Sy Garte: First of all, let me just say that the internet, of course, is a great thing, but it also has a lot of misinformation—there's no control over it. The way science works is involved in peer review. And the NIH comes up with fact sheets or pages that tell you what's the scientific consensus on any issue, and that's available to the public. So if you want to know what's going on—and it doesn't have to be just with COVID-19—take a look at the NIH and just search for your question and that will give you the best scientific answer that we have at the moment because it’s culled from all of the separate different studies. And if there's controversy, it will say that.
The problem that we're having is that the major institution that people don't trust is the U.S. government, and many of the websites with the best information are all government websites. But the people who work at the NIH or the CDC are not part of the government that most people don't like. They aren’t elected officials and politicians. Even though you may not like the government, that should not stop you from trusting the governmental science outlets.
There is this idea that evangelical Christians have been trained over the last hundred years to be skeptical of scientific claims. What’s the bridge that you’re trying to build between the Christian and scientific community?
Sy Garte: My answer is to trust in Jesus Christ.
We're in a very difficult and scary time, and not just with the COVID-19 virus, but this whole idea of the divisions and the actual hatred and anger that you see coming out from people. And when I see that that's when I pray. That's when I go to Christ and I say, “Lord, take this burden from us.”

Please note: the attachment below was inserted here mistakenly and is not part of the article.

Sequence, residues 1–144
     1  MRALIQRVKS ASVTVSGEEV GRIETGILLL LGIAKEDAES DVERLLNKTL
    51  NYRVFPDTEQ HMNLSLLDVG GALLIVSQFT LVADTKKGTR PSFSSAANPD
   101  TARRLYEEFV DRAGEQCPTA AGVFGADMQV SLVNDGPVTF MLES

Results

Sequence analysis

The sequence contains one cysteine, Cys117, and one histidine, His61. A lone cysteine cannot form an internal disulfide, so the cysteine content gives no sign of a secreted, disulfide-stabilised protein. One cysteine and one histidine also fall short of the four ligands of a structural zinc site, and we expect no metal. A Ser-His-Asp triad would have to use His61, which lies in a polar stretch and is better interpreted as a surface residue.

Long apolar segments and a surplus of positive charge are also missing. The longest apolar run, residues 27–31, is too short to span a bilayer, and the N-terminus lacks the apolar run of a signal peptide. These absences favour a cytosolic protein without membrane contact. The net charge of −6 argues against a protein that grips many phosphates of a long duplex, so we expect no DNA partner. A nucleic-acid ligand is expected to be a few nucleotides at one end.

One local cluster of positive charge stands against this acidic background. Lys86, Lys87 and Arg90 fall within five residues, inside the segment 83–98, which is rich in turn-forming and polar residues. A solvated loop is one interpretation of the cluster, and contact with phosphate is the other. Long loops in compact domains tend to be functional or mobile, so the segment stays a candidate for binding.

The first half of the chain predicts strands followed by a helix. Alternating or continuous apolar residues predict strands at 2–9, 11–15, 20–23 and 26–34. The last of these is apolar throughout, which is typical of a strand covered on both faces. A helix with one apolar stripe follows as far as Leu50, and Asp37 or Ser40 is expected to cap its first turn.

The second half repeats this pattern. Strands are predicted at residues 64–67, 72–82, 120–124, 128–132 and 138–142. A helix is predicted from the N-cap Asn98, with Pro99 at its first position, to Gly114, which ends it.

There are many organizations working to build bridges. And that's an image that Francis Collins often uses. We need to build bridges within the Christian community to show them, or to at least try to convince them, that a bridge is better than a huge gap or that a bridge is better than a wall.
Obviously, it takes a huge amount of work. It takes a lot of listening. But if we can all dialogue with each other—we don't have to agree on every point of theology, but that doesn't mean that we can't commune together, worship together, pray together, and know that the truth is with Jesus Christ.
And I think if we hold that close to our hearts, and love God and love your neighbor, we'll be okay in the end.
At the beginning of this podcast, we talked about kind of the futility of saying something like, “science says this,” or “science proves this,” would you have any other advice about how to dialogue or showcase findings in a way that is not going to be received as hostile or harsh?
Sy Garte: I've listened to a scientist who was working in the South named Amanda Glaze. She gave some very good talks about how you do that. Her key thing is to listen. Listen to what people think and what they believe, and your ideas of what's true and what's not true may differ, but if you listen to each other carefully, you can treat each other with respect.
And there are many examples of people with completely opposite views who have managed to come together and work for a common goal. I think respectful listening and understanding that all of our disputes, all of our disagreements, fade to nothing when we consider Jesus on the cross. That and his resurrection showed us, and continue to show us, that some things are more important. And what's important is love, is redemption, is salvation.